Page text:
North Korean threat actors are using stolen cryptocurrency to fund their hacking operations, according to research by threat intelligence firm Mandiant. The company has identified a group it calls APT43, which it says launders stolen digital assets through rented cryptocurrency mining services.
The group, which overlaps with activity by North Korean groups Kimsuky or Thallium, is primarily involved in cyber espionage. North Korea has previously used cryptocurrency theft to fund its weapons programme, with state hackers stealing $1.7bn worth of digital assets in 2022 alone, according to blockchain analysis firm Chainalysis.
APT43’s use of cryptocurrency theft to pay for infrastructure indicates that the North Korean regime expects its hackers to be self-financing.
APT43 uses PayPal and American Express cards funded through bitcoin stolen during earlier operations to buy hardware and infrastructure, according to Mandiant. The group deploys spear-phishing campaigns using spoofed domains and email addresses.
Its operators pose as reporters and think tank analysts to build rapport with victims and gather intelligence. APT43 also uses the contact lists of compromised individuals to identify further targets for spear-phishing.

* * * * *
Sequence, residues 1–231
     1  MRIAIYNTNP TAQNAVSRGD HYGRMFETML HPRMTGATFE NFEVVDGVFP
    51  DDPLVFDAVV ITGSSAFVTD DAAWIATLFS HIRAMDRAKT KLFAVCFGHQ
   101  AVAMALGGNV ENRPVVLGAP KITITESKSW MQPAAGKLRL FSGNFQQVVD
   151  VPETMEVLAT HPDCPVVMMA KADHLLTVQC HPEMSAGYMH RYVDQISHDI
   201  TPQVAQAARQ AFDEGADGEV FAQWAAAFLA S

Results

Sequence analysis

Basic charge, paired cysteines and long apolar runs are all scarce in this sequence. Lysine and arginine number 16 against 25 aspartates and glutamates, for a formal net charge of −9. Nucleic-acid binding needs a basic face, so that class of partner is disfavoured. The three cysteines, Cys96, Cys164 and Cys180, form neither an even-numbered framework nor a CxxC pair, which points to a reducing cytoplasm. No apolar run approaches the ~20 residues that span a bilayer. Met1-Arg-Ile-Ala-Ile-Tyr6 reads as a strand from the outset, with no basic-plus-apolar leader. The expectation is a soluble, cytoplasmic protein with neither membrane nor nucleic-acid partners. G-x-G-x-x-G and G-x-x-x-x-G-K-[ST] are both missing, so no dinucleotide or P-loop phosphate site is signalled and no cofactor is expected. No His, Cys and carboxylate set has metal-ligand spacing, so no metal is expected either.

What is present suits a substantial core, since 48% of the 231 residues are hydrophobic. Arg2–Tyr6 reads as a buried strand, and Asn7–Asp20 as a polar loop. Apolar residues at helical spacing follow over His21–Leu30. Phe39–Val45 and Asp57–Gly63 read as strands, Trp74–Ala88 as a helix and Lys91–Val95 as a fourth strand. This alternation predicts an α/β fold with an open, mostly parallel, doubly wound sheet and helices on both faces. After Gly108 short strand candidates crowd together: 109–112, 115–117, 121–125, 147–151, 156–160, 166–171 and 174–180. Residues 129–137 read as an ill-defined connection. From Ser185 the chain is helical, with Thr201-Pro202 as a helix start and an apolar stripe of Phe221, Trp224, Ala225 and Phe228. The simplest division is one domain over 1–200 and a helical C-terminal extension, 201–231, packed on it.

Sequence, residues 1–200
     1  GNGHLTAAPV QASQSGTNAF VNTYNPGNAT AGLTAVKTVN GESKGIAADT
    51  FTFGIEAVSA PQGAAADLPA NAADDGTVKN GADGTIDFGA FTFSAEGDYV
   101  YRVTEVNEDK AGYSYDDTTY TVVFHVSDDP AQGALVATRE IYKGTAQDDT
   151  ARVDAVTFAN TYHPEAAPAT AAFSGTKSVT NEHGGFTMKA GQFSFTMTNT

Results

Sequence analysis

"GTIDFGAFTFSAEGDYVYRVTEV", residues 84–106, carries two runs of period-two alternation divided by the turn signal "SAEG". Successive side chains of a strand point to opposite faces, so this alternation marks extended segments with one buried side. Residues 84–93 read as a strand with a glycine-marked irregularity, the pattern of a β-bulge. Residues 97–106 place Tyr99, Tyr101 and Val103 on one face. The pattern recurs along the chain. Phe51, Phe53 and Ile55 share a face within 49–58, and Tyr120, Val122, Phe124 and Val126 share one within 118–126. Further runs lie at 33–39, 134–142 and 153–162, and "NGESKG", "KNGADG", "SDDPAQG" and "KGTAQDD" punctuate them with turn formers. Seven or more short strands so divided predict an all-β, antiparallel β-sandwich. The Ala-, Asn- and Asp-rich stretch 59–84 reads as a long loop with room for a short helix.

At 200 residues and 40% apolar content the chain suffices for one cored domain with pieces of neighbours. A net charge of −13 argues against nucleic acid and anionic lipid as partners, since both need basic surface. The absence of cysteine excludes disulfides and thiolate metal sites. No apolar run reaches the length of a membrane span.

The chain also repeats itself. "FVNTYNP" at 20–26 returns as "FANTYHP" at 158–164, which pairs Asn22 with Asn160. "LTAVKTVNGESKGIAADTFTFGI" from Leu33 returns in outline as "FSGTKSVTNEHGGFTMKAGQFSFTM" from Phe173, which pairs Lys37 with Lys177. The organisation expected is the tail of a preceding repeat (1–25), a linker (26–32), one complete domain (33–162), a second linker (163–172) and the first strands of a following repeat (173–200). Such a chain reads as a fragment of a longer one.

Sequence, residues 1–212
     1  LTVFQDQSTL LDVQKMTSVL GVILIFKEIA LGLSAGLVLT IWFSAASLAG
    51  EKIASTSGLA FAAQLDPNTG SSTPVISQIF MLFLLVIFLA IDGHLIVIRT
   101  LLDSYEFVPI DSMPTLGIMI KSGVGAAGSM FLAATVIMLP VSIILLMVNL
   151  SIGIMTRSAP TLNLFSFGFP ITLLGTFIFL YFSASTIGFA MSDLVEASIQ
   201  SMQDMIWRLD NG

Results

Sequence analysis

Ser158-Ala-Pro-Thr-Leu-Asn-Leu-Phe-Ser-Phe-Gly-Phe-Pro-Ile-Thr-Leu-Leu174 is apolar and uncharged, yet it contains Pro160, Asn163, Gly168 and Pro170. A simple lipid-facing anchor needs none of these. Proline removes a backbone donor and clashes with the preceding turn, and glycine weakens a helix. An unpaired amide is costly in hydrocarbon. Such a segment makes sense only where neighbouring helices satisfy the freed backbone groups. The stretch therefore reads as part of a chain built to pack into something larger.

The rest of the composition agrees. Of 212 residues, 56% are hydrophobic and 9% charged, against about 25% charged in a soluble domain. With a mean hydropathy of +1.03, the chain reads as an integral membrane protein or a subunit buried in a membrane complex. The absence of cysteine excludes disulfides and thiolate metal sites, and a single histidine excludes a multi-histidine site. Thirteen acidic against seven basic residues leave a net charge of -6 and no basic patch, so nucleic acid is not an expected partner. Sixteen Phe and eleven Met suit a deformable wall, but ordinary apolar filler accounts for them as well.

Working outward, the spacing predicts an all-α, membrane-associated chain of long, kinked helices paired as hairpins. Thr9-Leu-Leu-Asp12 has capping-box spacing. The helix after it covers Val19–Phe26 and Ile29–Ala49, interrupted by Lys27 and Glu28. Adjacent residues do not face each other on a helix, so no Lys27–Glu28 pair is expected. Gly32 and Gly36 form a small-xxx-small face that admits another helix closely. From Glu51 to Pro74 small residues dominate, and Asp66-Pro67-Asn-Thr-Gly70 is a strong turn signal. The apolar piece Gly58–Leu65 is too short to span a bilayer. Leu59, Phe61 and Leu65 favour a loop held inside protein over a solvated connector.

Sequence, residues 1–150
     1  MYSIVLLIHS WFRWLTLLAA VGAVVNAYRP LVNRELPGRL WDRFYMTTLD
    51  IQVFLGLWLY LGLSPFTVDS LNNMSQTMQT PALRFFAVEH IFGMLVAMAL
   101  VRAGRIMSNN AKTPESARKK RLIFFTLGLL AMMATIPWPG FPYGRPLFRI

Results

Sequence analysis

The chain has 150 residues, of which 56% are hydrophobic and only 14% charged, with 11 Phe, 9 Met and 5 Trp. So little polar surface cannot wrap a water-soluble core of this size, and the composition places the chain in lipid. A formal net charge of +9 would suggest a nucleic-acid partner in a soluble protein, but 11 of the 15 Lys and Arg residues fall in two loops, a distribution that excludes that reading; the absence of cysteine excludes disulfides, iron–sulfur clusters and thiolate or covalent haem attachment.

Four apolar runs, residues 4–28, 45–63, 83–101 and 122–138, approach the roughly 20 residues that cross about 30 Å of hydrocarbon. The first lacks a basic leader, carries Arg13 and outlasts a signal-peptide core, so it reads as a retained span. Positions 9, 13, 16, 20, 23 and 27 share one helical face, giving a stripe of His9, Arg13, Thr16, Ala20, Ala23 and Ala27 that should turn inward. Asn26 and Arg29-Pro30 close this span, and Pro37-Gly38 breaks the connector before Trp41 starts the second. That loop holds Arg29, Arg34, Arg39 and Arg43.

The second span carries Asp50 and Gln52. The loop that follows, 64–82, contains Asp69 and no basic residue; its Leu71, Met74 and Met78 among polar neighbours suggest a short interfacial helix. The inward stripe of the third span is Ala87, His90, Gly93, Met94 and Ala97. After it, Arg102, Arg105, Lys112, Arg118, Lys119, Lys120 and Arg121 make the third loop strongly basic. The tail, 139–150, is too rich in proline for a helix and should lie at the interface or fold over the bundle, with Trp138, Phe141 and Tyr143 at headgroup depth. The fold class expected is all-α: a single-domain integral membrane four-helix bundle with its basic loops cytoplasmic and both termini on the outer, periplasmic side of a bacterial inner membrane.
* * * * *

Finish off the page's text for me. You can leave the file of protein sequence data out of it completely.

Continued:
The group has moderately sophisticated technical capabilities and uses aggressive social engineering tactics, particularly targeting government agencies and think tanks focused on Korean Peninsula geopolitical issues.
Michael Barnhart, a principal analyst at Mandiant, said APT43’s technique was “low sophistication, high volume”.
He suggested that the novel coronavirus pandemic may have put pressure on North Korean hackers to be self-financing. The dollar amounts stolen by APT43 are not large, as the group’s focus is to run its operations rather than to generate revenue for the regime.
However, the group’s hacking efforts allow it to rent substantial amounts of server infrastructure for $10,000, Dobson said. During most of 2021, APT43 focused on health-related sectors, likely in response to North Korean pandemic response efforts, providing evidence of how North Korean hacking groups shift priorities in response to the regime’s top issues.